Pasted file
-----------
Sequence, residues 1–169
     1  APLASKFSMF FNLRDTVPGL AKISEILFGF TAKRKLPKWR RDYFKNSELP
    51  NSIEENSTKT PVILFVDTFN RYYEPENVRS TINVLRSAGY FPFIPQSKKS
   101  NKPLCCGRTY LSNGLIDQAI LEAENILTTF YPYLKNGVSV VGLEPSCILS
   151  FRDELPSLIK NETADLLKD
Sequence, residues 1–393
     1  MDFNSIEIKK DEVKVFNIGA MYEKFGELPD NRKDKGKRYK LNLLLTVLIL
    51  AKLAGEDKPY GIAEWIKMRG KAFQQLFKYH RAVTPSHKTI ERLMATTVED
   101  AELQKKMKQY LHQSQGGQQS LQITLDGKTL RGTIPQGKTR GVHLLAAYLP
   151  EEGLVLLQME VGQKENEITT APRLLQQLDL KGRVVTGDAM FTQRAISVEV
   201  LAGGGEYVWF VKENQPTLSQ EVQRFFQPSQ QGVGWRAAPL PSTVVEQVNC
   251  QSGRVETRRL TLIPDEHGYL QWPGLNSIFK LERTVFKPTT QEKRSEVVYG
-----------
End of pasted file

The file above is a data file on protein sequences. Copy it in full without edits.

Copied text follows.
Sequence, residues 1–169
     1  APLASKFSMF FNLRDTVPGL AKISEILFGF TAKRKLPKWR RDYFKNSELP
    51  NSIEENSTKT PVILFVDTFN RYYEPENVRS TINVLRSAGY FPFIPQSKKS
   101  NKPLCCGRTY LSNGLIDQAI LEAENILTTF YPYLKNGVSV VGLEPSCILS
   151  FRDELPSLIK NETADLLKD
Sequence, residues 1–393
     1  MDFNSIEIKK DEVKVFNIGA MYEKFGELPD NRKDKGKRYK LNLLLTVLIL
    51  AKLAGEDKPY GIAEWIKMRG KAFQQLFKYH RAVTPSHKTI ERLMATTVED
   101  AELQKKMKQY LHQSQGGQQS LQITLDGKTL RGTIPQGKTR GVHLLAAYLP
   151  EEGLVLLQME VGQKENEITT APRLLQQLDL KGRVVTGDAM FTQRAISVEV
   201  LAGGGEYVWF VKENQPTLSQ EVQRFFQPSQ QGVGWRAAPL PSTVVEQVNC
   251  QSGRVETRRL TLIPDEHGYL QWPGLNSIFK LERTVFKPTT QEKRSEVVYG